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Mark Twain and the climate crisis

The explosion that sparked the oil catastrophe in the Gulf of Mexico marked, almost to the day, the 100th anniversary of the death of one of America’s most esteemed writers, Samuel L. Clemens. His humorous essay in Letters to the Earth, titled “Was the world made for man?” invites re-reading and thoughtful contemplation in light of the vast consequences of this latest, human-made disaster in fossil-fuel extraction.
In the essay, Mark Twain traces the long history of evolution of the vast variety of creatures, from invertebrates through oysters, fish, reptiles and mammals to man, which have peopled the earth through succeeding geologic ages. Especially intriguing is the account of burial, time after time, of “prodigious forests of tree ferns” and “no end of extinctions” of animal life through which the coal and oil fields developed which man has mined as his principal energy sources since the industrial revolution.
Fish, so the essay, were among animals in the scheme of creation which would be needed by man, and therefore fuels “to fry it with.” To this end, over tens of millions of years, vast areas of exotic vegetation and animals living off it would be sunk out of sight and let to rot, “to cold-storage their fossils.” Streams would then bury them under several feet of sediment; the latter, needing lots of time to harden and turn to rock would then “grow another forest on top [and] sink it.”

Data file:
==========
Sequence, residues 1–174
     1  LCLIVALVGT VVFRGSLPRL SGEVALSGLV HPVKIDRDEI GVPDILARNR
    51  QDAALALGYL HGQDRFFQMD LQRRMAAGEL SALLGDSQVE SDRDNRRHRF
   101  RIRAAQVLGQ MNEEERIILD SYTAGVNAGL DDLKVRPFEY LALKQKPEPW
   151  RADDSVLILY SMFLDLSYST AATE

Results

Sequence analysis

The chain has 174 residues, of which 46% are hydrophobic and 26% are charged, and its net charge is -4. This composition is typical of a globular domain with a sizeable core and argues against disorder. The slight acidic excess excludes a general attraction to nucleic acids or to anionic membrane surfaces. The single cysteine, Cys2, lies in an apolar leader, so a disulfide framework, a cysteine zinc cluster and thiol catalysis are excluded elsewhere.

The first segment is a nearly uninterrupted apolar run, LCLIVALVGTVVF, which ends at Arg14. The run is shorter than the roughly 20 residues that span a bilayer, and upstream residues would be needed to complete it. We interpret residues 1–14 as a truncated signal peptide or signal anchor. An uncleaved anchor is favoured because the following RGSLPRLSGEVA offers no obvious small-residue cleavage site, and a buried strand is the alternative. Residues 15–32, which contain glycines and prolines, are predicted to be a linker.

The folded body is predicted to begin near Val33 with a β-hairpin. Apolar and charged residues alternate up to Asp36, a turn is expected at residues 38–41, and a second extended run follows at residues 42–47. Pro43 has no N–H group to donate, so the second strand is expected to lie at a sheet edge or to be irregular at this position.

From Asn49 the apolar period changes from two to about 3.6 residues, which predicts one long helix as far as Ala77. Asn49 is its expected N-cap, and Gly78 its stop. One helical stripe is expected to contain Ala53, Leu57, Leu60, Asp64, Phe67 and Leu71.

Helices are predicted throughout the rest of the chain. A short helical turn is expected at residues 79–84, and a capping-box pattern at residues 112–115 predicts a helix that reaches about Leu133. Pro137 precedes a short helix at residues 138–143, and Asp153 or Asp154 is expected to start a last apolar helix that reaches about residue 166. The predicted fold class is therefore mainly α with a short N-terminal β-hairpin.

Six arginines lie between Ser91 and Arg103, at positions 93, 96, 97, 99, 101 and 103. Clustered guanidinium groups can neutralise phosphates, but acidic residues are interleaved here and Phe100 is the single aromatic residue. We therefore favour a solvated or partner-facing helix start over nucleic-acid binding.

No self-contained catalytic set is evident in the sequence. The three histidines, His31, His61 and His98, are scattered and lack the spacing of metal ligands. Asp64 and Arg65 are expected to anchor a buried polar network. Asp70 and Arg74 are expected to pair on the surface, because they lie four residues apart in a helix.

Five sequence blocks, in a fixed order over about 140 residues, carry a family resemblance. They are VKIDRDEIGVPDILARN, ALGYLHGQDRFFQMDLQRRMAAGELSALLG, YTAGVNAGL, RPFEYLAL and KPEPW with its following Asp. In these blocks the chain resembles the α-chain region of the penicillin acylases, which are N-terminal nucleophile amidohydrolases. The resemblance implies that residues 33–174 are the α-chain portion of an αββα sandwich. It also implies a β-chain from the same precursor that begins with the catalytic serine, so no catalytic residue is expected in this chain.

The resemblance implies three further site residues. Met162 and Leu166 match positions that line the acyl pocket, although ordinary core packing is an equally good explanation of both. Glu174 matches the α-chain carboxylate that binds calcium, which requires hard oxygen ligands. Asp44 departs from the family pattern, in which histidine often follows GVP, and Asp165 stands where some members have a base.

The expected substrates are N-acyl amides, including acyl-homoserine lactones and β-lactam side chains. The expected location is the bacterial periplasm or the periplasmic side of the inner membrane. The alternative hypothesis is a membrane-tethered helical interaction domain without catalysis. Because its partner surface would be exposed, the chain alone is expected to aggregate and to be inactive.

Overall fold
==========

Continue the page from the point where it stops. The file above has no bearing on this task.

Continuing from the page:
Through many repetitions of this over the eons, “the sickening slow job to build a coal-measure” would be accomplished; plankton and the remains of marine animals falling to the bottom of oceans paralleling the “cold-storage” process in forming oil.
Today, apart even from the danger of accidents with monstrous effects like the current oil spill, man’s burning the fossil fuels which Nature placed underground has had very bad side effects. It has been killing the planet, as scientists have made clear over the course of some decades, by putting greenhouse gases bound in these fuels into the earth atmosphere in vast amounts. Warming climate, disordered weather patterns and violent weather events have been the result, cause of great harm to wildlife, as to people and their livelihoods and security, the world over.
Mark Twain doesn’t fail to note the climate hardships for past earth creatures as glacial and warming periods followed each other repeatedly. “These poor orphans,” so the essay, were being chased “up and down and about the earth, from weather to weather, from tropic swelter to Arctic frost and back again and to and fro, never knowing what kind of weather was going to turn up next.”
With current state of knowledge of the threat to continuance of human civilization due to our energy habits one might expect a mirthful conclusion from Mark Twain that “The evidence is in.” It speaks to a long-overdue need of doing away with mining, drilling, and incinerating the buried fossil fuels and a crash program, instead, to “fry our fish” with their largely above-ground, renewable-fuel alternatives.